Monday, December 13, 2010

My, what a big lens you have!

In many cultures, if you want to show off your prowess, or make up for some that might be lacking, the quickest way to do this is to buy a flashy car. This strategy does not, however, work very well in Sweden. This is not just because flashy cars will send you back to the poor house. Did you know Sweden has a 25% VAT (that's value added tax for you Americans, and it's a lot like sales tax)? It's also because flashy cars go against the Jantelaw (more on this later) or the belief that you shouldn't think you are better than anyone else. 

So, what does your average Swede do to show off without showing off? Goes out and buys the biggest and most expensive lens they can find for their fancy DSLR camera.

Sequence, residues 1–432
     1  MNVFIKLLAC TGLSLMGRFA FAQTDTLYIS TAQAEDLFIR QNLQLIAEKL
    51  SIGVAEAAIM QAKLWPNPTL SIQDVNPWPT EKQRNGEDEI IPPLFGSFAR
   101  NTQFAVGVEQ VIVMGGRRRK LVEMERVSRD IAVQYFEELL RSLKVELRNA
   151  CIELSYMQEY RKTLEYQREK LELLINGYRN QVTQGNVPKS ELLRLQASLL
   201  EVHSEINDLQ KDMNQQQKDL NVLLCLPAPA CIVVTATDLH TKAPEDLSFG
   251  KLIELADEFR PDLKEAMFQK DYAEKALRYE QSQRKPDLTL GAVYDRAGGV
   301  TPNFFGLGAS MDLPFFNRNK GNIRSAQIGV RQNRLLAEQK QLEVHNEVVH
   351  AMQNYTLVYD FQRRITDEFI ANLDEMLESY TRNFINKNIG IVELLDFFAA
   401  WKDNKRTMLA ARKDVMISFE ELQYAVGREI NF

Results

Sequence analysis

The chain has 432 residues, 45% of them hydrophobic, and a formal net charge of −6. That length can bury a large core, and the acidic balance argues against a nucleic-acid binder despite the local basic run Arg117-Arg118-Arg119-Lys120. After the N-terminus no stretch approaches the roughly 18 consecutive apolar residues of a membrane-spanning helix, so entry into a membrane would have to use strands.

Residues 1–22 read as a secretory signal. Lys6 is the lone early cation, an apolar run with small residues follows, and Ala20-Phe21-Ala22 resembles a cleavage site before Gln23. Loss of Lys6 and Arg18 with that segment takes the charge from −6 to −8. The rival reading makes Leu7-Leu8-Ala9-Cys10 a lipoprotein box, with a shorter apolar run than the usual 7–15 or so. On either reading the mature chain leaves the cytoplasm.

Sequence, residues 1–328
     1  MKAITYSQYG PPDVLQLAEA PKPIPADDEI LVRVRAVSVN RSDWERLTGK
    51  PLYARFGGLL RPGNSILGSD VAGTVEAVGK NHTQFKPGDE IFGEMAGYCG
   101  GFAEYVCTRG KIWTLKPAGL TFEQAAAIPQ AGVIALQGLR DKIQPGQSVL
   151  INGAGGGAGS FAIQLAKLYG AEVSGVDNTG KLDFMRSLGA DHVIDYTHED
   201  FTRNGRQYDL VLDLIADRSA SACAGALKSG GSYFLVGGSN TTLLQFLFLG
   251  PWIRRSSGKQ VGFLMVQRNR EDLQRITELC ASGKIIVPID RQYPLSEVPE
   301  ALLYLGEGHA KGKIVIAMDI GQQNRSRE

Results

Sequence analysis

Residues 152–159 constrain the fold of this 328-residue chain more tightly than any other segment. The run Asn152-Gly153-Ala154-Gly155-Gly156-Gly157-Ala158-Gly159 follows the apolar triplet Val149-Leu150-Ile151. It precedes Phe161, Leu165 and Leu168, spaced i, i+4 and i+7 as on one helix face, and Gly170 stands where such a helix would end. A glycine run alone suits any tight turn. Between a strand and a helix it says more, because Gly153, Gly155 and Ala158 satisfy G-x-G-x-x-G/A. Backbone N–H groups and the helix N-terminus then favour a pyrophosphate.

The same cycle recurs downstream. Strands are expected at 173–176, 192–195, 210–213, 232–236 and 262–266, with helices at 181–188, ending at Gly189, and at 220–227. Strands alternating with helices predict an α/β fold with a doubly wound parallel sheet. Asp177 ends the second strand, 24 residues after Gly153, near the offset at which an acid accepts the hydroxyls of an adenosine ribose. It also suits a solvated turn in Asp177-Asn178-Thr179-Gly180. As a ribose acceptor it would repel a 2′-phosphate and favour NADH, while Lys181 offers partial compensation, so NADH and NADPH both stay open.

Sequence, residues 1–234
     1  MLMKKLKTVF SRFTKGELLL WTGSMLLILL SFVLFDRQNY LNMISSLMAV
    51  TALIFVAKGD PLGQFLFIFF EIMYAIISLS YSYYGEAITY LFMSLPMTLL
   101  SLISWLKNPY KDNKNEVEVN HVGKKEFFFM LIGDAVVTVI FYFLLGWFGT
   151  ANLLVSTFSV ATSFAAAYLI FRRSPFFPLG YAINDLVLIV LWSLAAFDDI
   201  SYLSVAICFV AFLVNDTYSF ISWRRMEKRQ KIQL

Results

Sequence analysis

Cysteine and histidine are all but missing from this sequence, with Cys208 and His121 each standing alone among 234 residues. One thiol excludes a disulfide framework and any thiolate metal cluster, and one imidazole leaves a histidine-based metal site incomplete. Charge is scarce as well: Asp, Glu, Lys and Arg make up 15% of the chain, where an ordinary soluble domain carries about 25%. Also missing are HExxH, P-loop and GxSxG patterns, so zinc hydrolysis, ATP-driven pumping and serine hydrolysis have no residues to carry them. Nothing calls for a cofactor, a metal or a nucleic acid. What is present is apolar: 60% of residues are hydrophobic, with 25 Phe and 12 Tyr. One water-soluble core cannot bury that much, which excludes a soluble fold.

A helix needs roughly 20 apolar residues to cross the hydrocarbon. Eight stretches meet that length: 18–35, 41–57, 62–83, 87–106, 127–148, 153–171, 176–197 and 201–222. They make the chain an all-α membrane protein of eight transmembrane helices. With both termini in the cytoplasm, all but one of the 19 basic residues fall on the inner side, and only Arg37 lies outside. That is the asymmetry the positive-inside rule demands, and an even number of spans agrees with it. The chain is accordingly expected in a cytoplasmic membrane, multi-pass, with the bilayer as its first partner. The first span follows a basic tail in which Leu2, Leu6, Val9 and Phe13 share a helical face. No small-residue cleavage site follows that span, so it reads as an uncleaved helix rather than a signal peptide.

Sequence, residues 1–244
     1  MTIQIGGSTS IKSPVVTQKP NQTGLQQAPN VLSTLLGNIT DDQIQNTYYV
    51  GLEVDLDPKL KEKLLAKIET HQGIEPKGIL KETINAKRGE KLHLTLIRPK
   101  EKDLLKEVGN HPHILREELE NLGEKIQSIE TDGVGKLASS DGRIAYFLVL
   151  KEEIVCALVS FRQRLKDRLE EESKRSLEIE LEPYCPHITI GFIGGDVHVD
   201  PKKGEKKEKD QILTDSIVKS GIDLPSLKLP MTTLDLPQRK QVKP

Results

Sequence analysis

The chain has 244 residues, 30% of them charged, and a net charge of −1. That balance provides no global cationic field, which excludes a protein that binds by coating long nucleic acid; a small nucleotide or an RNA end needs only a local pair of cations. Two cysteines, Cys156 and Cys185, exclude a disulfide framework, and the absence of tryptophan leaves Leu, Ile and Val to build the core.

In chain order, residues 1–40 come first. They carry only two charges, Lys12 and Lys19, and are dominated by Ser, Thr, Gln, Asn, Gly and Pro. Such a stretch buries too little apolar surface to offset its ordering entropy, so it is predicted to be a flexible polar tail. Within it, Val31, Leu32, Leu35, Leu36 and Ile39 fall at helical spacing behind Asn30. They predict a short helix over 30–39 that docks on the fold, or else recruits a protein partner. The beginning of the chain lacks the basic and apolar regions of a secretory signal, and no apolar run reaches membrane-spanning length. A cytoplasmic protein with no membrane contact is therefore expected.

I'm not kidding. Just go to any parade, wedding, or large event in Sweden and marvel at the sheer number of fancy cameras with gigantic lenses. I enjoy photography and I love taking pictures. I have a pretty nice camera with a couple of years under its belt. I look just like a teenager driving around in a little Pinto compared to the Ferarri's I'm surrounded by.

I do admit, I see these giant lenses hanging around men's necks, more often than women's. The women seem to prefer the handy 55mm. Last summer I even saw several kids running around the beach with fancy mid-sized lenses on their Nikons. So it's best to start them early!


  1. I haven't noticed about the camera, but maybe just because my husband was like this in the US, too, and we hung around with other people with big cameras. But the whole no fancy car business, YES. We are actually, I think, seen to be rather flashy just because we have TWO (used) cars, and I have zero (0) jobs.

  2. I agree with this. I have been living in Sweden 3 years now and it always made me an impression that so many teens have very expensive cameras that they don't even know how to use correctly. But well it's at least much preferable seeing people with Nikons than people with Ferraris.